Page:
Not Your Average Choral Work
Holst’s THE PLANETS, being performed this coming weekend by the Symphonic Choir and Indianapolis Symphony Orchestra, lies a bit outside the mainstream when it comes to works for choir and orchestra. Calling for women’s voices only, Holst saves the choir until the very last seconds of his sprawling symphonic tour de force. Though the full work runs nearly an hour, our singing comes in just the last 90 seconds.
And, there are no words. Rather, the choir is asked to sing a neutral vowel throughout (the composer’s note says “like the ‘uh’ sound in the word ‘sun’). Holst (like Debussy and Ravel) uses the voices not for their ability to convey language or propel a literary arc, but simply for their coloristic properties.
Singing this stuff-while demanding-is great fun. It puts us in a different mental place, focusing on issues of tone/pitch/color/loudness and free of the vocal athleticism required of text and consonants.
And our singers, it will surprise nobody, are doing a fantastic job! They’ve taken to the work very quickly, and responded to the unique tuning challenges of this work with skillful gusto (tuning parallel triads high in the voice is a real art…even the slightest waiver of pitch can throw the whole ensemble into a tuning “black hole”!)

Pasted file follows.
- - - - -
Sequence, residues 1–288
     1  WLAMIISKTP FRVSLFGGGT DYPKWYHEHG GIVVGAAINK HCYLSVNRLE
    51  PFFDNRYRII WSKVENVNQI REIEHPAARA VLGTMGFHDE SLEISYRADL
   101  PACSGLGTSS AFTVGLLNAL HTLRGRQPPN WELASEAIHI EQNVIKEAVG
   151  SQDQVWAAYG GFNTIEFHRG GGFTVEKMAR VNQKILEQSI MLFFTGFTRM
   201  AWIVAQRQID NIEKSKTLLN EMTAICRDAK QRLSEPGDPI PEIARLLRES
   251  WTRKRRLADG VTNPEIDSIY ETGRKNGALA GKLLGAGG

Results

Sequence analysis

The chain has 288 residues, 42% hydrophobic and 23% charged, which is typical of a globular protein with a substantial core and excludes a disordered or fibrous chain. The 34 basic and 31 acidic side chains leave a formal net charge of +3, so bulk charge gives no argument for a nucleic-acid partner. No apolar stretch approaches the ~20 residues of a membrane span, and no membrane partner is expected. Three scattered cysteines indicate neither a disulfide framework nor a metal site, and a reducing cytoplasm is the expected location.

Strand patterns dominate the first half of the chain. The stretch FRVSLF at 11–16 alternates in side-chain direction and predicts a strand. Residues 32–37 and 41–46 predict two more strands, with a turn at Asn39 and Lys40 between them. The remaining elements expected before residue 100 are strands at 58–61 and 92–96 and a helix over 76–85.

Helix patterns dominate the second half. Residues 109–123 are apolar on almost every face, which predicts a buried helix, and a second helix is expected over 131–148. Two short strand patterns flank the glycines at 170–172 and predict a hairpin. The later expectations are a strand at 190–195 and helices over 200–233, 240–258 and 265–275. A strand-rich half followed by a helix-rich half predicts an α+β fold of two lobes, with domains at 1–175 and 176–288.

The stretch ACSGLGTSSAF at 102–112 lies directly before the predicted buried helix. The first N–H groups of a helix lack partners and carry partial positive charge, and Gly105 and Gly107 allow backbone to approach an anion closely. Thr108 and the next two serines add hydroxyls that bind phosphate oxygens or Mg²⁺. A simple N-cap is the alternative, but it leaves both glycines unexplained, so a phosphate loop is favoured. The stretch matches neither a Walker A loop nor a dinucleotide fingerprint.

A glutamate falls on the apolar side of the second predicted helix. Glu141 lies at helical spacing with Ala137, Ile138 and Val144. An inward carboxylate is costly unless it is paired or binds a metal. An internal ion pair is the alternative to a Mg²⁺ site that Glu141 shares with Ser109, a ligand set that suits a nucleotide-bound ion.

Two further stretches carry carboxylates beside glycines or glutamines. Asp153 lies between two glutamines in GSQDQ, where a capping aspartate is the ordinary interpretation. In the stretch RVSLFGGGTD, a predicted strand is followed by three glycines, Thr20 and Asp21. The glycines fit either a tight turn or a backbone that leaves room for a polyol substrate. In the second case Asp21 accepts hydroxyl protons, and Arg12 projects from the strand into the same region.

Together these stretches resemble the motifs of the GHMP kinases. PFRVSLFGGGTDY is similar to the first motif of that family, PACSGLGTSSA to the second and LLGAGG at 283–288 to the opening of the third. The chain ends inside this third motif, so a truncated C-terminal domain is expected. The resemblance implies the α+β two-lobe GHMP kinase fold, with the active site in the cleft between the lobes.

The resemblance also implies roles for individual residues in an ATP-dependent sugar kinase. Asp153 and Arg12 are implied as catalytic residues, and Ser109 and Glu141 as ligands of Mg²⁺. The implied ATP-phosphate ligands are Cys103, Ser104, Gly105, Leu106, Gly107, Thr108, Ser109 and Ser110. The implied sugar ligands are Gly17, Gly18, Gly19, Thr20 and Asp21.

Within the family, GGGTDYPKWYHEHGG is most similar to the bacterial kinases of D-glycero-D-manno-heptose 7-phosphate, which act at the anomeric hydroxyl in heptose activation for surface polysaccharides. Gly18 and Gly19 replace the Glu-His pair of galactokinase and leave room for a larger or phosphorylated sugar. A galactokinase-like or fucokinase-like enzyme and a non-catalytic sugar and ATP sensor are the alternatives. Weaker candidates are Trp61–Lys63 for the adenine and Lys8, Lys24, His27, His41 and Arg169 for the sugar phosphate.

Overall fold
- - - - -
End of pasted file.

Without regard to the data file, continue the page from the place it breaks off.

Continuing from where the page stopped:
Another unique element in this work is found in the instruction of the “closing door,” whereby the composer requires the singers to be placed offstage, with an open door between them and the stage. As the work draws to its close, the door is slowly closed, casting an even more veiled hush on the singing, and adding to the atmospherics.
We look forward to sharing this amazing work with you very soon!
Dr. Eric Stark
Indianapolis Symphonic Choir